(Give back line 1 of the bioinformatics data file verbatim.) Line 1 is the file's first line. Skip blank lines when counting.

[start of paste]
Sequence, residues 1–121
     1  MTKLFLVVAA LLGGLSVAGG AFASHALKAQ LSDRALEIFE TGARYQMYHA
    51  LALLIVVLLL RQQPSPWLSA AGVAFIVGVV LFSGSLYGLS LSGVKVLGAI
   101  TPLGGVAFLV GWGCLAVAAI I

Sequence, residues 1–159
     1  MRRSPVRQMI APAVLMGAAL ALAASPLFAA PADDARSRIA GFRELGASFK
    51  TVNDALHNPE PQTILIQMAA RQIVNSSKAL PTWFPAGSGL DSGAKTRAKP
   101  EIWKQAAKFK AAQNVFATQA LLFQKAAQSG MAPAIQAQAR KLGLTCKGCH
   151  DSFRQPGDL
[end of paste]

Sequence, residues 1–121